You are standing in the riparian area of McCartney Creek, within a meadow in Moses Coulee, part of the vast Columbia Basin shrub steppe ecosystem. The landscape you see was formed by a series of lava flows that laid down layer after layer of thick basalts. The coulee was carved by massive ice age floods – the largest floods known to science.
This landscape has been inhabited by humans for at least the last 10,000 years, tribes known today as the Wanapum, Yakima, Umatilla, and others. These meadows were homesteaded and farmed by a European American family, the McClures, beginning early in the last century. Agriculture and other human development have altered and fragmented much of the shrub steppe. Today, Moses Coulee and the Beezley Hills contain the largest, relatively intact shrub steppe landscape remaining in Washington State. The meadows were plowed and planted with crops and the stream channel was moved and straightened.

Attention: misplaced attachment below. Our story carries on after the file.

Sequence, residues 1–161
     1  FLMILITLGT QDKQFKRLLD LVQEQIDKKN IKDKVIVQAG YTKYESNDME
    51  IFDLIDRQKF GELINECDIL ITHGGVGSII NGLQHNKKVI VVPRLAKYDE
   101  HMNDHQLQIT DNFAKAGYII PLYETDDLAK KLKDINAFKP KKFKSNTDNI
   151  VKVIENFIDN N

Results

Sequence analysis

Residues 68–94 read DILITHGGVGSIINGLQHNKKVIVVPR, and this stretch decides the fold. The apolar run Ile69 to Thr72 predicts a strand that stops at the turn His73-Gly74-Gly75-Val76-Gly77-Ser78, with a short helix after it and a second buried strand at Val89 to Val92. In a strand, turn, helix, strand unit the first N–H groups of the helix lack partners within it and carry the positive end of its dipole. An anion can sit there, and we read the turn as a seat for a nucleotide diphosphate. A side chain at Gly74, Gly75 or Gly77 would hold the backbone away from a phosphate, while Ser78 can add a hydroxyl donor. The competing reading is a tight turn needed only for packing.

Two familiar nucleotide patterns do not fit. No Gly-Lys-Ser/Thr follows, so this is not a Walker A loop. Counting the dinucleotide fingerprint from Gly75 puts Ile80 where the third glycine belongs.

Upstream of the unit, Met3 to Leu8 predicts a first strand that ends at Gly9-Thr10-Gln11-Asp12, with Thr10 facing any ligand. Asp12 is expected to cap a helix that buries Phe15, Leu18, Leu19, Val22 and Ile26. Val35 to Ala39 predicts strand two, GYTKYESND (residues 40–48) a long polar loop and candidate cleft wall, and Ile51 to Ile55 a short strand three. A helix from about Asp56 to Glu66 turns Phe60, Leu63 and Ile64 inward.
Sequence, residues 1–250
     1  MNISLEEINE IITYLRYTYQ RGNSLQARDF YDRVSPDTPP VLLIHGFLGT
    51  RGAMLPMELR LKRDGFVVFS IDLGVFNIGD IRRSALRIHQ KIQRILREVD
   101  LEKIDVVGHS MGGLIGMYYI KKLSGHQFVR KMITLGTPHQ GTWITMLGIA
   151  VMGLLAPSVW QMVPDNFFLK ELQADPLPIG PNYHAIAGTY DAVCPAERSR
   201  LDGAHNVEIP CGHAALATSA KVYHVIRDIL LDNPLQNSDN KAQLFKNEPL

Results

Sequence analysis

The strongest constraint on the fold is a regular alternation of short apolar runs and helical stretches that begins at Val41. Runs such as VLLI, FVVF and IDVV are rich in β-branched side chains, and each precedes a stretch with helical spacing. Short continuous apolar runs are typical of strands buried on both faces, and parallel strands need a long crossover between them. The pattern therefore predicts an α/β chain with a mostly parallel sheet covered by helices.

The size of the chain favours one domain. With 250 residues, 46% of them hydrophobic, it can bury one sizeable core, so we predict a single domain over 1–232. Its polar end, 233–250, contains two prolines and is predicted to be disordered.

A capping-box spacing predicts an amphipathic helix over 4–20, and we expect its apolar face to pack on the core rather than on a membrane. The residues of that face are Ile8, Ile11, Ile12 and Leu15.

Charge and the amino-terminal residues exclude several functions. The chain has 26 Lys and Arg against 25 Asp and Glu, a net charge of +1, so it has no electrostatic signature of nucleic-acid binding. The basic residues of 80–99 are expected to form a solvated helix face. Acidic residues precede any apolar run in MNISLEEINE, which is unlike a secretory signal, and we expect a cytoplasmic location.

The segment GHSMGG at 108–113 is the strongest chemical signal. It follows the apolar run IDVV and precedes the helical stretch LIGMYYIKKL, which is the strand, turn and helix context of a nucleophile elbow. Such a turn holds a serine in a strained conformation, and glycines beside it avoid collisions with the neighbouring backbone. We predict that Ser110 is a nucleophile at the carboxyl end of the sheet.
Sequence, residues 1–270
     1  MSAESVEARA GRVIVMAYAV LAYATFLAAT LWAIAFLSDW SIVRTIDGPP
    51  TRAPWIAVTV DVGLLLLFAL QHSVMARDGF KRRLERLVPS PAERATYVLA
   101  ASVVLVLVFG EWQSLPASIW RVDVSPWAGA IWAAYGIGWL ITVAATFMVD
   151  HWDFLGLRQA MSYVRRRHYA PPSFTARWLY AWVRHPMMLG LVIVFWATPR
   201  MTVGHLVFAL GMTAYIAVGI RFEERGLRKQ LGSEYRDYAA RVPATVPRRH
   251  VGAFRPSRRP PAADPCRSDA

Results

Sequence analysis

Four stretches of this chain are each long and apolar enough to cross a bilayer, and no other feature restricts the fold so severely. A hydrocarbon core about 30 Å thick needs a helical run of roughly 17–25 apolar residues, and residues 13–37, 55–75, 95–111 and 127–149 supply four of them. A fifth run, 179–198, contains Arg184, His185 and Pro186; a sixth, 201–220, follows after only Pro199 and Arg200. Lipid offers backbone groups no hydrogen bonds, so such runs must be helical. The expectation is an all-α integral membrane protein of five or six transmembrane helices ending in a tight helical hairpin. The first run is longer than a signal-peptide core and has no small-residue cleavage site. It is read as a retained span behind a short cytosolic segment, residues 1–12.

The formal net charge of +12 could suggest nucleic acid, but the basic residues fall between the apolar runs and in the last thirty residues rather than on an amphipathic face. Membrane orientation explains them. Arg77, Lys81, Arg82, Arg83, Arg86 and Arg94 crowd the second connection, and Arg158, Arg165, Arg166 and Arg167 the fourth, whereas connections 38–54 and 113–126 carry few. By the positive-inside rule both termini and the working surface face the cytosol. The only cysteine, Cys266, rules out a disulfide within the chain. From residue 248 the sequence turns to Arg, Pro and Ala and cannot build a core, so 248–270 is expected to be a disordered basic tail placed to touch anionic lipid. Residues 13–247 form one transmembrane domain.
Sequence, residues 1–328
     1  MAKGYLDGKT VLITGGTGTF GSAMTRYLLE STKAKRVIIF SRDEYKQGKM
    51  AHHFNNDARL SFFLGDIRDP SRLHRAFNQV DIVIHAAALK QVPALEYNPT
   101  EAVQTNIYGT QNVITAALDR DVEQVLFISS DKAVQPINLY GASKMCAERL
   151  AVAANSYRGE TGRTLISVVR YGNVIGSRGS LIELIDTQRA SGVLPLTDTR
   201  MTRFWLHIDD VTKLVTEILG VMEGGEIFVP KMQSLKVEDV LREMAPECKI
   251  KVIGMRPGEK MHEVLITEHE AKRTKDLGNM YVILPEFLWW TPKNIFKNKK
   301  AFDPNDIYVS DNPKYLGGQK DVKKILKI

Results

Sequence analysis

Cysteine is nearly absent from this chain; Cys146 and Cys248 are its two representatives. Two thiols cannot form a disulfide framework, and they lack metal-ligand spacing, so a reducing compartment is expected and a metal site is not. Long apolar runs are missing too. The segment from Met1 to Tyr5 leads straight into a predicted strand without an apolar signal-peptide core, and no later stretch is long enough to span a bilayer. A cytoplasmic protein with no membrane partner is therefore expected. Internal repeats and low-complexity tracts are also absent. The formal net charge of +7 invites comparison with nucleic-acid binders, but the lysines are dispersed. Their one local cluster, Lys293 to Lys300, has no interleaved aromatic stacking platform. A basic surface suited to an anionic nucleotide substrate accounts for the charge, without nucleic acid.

Explore the photos taken over time at McCartney Creek Meadow
to see how citizens are helping to generate scientific data.
"The Conservancy is working to restore a healthy riparian system at this 35-acre site that will provide habitat for a diverse array of native plants and animals and opportunities for community learning."
This project was made possible through support provided by the Washington Biodiversity Council (active 2004–2010).